If the spring showers are getting to you, find a way to enjoy water inside. Chicago-area children’s museums are overflowing with water tables, where kids can make water slosh through wheels, spurt out of pipes and wind around homemade dams.Water is a kid magnet, says Barb McMillin of the Children’s Museum in Oak Lawn, where kids can play with plastic ocean critters and squirting fountains in the leaf-shaped “Pond” exhibit. “It’s another medium,” she says. “They’re not just playing with blocks.”Water can even be an adult magnet. Cynthia Mark-Hummel of the DuPage Children’s Museum (which we think has some of the best water tables around) has caught quite a few moms and dads “helping” their kids stack sandbags and rein in water flow. At DuPage, parents and kids can also crawl underneath the water tables and watch the water flow above them. “It’s a very different and wonderful way to look at the world,” says Mark-Hummel.For more water fun, fill a huge bucket and use pulleys to slosh it out at the Chicago Children’s Museum’s “WaterWays” exhibit. Or direct the spray through pipes at the Exploration Station in Bourbonnais. You’ll get a whole new appreciation of a plumber’s job. Don’t forget—kids often direct water spray at themselves. Some (usually boys) come out looking like they jumped in a swimming pool, says the Exploration Station’s Diane Carson. So wear smocks and bring an extra pair of clothes. And save the water tables for last. If it’s warm outside, check out the 500-gallon outdoor tables at Discovery Center Museum in Rockford, which start flowing in mid-March. Turn on underwater faucets to create whitewater, race boats or spray each other with water jets.Between all the splashing and pouring, kids might even pick up a few scientific principles. Point out that sieves let water through, pails don’t, and that some objects float while others sink. With the help of air-bubble-buoyed octopi, kids can also learn that air is lighter than water at the Kohl Children’s Museum’s “Water Works” exhibit in Glenview. And as they use water jets to propel balls across the room, they’ll be exploring water pressure.Some kids might even be inspired to bring their water skills home. That’s what happens after Glenview mom Beth O’Connor’s kids—Morgan, 9, Michael, 8, and Brian, 5—hit the water tables at Kohl’s: “They want to fill the bathtub and see how fast they can make the boats go,” she says. Diana Oleszczuk
Chicago Children’s Museum700 E. Grand Ave. at Navy Pier Chicago(312) 527-1000www.chichildrensmuseum.orgAges: 10 and underHoist a teetering bucket and use pulleys to splash the water out. Or help boats navigate down the river by using dams to change the water flow. Kids can also direct water through pumps, pipes and a gigantic water wheel. Despite the smocks, kids will probably get wet, so save this exhibit for last and bring a change of clothes. Hours: 10 a.m.-5 p.m. Monday-Wednesday, Friday and Sunday. 10 a.m.-8 p.m. Thursday and Saturday. Admission: $7, $6 seniors, free kids under 1. Free 5-8 p.m. Thursday and the first Monday of the month, when the museum is open 10 a.m.-8 p.m. Children’s Museum in Oak Lawn9600 E. Shore Dr., Oak Lawn(708) 423-6709www.cmoaklawn.orgAges: 2-10Use your net to scoop plastic squid, whales or flounder out of the pond, which is about waist-high and shaped like a leaf. Experiment with water through sand toys, containers and a fountain. Bring extra clothes. Hours: 10 a.m.-3 p.m. Wednesday-Saturday. Call ahead on Saturday, because the museum sometimes closes for private parties. Admission: $3.50, $3 kids 1-16, free kids under 1.Discovery Center Museum711 N. Main St., Rockford(815) 963-6769www.discoverycentermuseum.orgAges: Outdoor tables for 4 and up Indoor tables for 5 and underWith 50 feet of stainless steel and wood, a gigantic water wheel and 500 gallons of water, these outdoor water tables are hard core enough for older kids. Make whitewater by activating underwater faucets, race boats and spray each other with pipes and water jets. If the weather is dreary or you have toddlers, head inside to the Plexiglas tank where young kids can aim water without spraying themselves and create a dam. Between the waterproof aprons and hand dryers, kids are usually dry by the time they leave the indoor tables, but save the outdoor tables for a warm day. Hours: 10 a.m.-5 p.m. Monday-Saturday. Noon-5 p.m. Sunday. The outdoor tables will be turned on in mid-March; call ahead. Admission: $5, $4 kids 2-17, free kids 1 and under.DuPage Children’s Museum301 N. Washington St., Naperville(630) 637-8000www.dupagechildrensmuseum.orgAges: 10 and underEncase yourself in a bubble, pump water over a wheel or build a series of tubes at the water tables here, which are some of the best Chicago Parent has seen. Small children learn what floats and what sinks, while older kids (and parents) can dam up water in the big holding tank. Smocks are available, or dry out in the wind tunnel and with hand dryers. The supervisors here are exceptionally helpful and trained in child development. Hours: 9 a.m.-1 p.m. Monday. 9 a.m.-5 p.m. Tuesday, Wednesday, Friday and Saturday. 9 a.m.-8 p.m. Thursday. Noon-5 p.m. Sunday. Admission: $7, $6 seniors ages 60 and older, free kids under 1.Exploration Station1095 W. Perry St., Bourbonnais(815) 933-9905 or (815) 935-5665www.btpd.org/exploration_station.htmAges: 18 months-11 yearsKids control the flow of water at this table, which looks like a crab cove. See how water sprays through a series of pipes, watch it change shape in containers or experiment to find out which toys float. If kids wear the provided aprons, they shouldn’t get too wet. Hours: 10 a.m.-5 p.m. Monday-Thursday. 10 a.m.-8 p.m. Friday. 10 a.m.-5 p.m. Saturday. 1-5 p.m. Sunday. Admission: $5, $4 kids 1-17 and seniors 55 and older, free kids under 1.Exploritorium4701 Oakton St., Skokie(847) 674-1500, ext. 2700www.skokieparkdistrict.orgAges: 2-8; Family Fun Nights for kids 12 and underDance in a strobe light that shows rain falling down, stick your finger in a bubble of water and float ducks and toys down three levels of stainless steel rivers. Green raincoats provide good protection. The water tables aren’t the highlight here—they’re OK for toddlers, but won’t keep school-age kids amused for long. Hours: 9 a.m.-6 p.m. Monday, Wednesday and Friday. 10 a.m.-3 p.m. Saturday. Admission: $6 kids, $4 adults, free kids 1 and under. $2 discount for Skokie residents.Kohl Children’s Museum2100 Patriot Blvd., Glenview(847) 832-6600www.kohlchildrensmuseum.orgAges: 8 and underChildren can make balls fly across the room; let boats sail around a river; shoot streams of water at cowbells, chimes and pinwheels; and create bubbles of air that will let a group of octopi float to the surface. The scientific principles are all posted on the exhibits, allowing parents to teach their kids and giving older kids motivation to use their reading skills. Kids shouldn’t get too soaked unless they stand underneath the big teetering bucket full of water. But the small blue aprons don’t provide much coverage. Hours: 9:30 a.m.-noon Monday. 9:30 a.m.-5 p.m. Tuesday-Saturday. Noon-5 p.m. Sunday. Admission: $6.50, $5.50 seniors 55 and older, free kids under 1.My Corner Playroom2121 N. Clybourn Ave., Chicago(773) 388-2121www.mycornerplayroom.comAges: 6 and underThis is a very small water and sand table. It’s best for toddlers. Smocks available. Call ahead to see if the table is available for open play. Hours: Open play, 8-9 a.m. and 12:45-5:30 p.m. Monday and Wednesday, 8 a.m.-5:30 p.m. Tuesday and Thursday, 8 a.m.-3 p.m. Friday, 9 a.m.-noon Saturday. Admission: $15, $9 additional siblings, free kids under 1 with paid sibling. Free parking.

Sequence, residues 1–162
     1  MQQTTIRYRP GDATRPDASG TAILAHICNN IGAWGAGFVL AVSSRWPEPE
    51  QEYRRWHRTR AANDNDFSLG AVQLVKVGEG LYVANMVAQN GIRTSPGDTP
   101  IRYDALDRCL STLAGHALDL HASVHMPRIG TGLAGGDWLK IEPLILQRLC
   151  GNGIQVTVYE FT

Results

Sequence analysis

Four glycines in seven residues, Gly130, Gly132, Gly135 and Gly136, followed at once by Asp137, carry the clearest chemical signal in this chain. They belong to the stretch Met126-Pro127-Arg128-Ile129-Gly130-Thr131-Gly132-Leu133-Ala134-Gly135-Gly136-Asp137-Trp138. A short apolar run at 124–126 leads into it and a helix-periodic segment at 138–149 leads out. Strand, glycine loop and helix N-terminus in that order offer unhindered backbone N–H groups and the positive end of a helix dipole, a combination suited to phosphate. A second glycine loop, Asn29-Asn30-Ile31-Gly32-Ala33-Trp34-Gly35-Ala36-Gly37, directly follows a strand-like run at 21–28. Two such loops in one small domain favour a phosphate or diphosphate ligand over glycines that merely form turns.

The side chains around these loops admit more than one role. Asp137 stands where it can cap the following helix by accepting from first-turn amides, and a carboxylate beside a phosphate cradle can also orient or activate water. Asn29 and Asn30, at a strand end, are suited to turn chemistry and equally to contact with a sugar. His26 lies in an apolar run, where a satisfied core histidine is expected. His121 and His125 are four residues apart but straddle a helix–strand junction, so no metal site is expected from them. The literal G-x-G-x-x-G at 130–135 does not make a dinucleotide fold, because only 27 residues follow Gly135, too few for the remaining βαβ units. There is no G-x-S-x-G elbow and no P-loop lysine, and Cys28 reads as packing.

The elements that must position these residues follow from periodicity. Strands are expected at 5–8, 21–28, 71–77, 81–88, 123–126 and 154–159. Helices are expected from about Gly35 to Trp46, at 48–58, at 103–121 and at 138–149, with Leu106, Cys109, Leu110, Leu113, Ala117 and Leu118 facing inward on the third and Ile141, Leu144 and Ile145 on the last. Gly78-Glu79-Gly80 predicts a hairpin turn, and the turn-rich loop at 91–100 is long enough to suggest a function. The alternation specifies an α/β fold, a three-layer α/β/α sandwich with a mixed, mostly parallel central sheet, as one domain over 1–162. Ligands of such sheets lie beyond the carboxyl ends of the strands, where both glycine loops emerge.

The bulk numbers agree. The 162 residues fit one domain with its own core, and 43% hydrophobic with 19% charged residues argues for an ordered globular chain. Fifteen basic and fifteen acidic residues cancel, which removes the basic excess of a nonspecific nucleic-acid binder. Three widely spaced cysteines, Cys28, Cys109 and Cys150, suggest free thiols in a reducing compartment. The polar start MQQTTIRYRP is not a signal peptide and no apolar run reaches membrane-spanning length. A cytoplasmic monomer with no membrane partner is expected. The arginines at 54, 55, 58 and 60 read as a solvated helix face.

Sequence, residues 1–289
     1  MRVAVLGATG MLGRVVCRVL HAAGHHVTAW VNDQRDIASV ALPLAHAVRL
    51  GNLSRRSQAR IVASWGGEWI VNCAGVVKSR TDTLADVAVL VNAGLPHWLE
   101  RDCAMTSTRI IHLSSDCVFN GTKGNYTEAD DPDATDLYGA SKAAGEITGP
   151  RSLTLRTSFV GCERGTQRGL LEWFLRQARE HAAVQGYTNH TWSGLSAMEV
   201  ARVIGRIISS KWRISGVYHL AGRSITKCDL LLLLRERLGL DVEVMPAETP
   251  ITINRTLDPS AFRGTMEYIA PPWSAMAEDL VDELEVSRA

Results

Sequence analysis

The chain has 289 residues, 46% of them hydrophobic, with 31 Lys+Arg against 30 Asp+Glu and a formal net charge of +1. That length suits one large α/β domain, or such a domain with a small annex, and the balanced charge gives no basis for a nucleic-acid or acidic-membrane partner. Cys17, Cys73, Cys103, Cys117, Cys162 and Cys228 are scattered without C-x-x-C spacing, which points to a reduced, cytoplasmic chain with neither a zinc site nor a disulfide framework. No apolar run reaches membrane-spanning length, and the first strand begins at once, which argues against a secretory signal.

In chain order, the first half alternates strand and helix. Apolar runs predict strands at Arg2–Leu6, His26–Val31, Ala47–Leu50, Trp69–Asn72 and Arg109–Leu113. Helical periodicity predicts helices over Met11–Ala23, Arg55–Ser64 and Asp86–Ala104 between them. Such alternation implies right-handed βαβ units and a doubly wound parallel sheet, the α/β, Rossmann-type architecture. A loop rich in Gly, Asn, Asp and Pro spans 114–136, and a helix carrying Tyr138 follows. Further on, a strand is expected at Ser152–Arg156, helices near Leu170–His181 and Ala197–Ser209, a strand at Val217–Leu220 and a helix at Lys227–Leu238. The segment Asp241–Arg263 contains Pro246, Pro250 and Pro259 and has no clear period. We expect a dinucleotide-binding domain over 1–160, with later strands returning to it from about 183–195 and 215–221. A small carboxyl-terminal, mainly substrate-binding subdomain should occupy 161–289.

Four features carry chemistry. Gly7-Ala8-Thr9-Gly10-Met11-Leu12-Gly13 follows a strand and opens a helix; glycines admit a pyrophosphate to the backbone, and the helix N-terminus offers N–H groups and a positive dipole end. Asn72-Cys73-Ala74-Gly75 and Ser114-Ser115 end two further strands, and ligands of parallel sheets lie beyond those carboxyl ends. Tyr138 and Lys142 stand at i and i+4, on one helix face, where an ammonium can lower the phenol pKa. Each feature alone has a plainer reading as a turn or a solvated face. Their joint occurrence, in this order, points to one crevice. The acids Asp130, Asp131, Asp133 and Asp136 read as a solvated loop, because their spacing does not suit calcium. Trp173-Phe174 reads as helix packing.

Let us plan your weekend with the best family events and activities in Chicagoland.
Start the week right with deals, prizes, parent life hacks and more delivered straight to your inbox.
Need last-minute ideas for a weekend of family fun? No worries. We've got you.
Get the inside scoop on the people, places and things we are loving right now.
Resources, tips, inspiration and more for parents of children with special needs.
Score exclusive offers from our fabulous advertisers.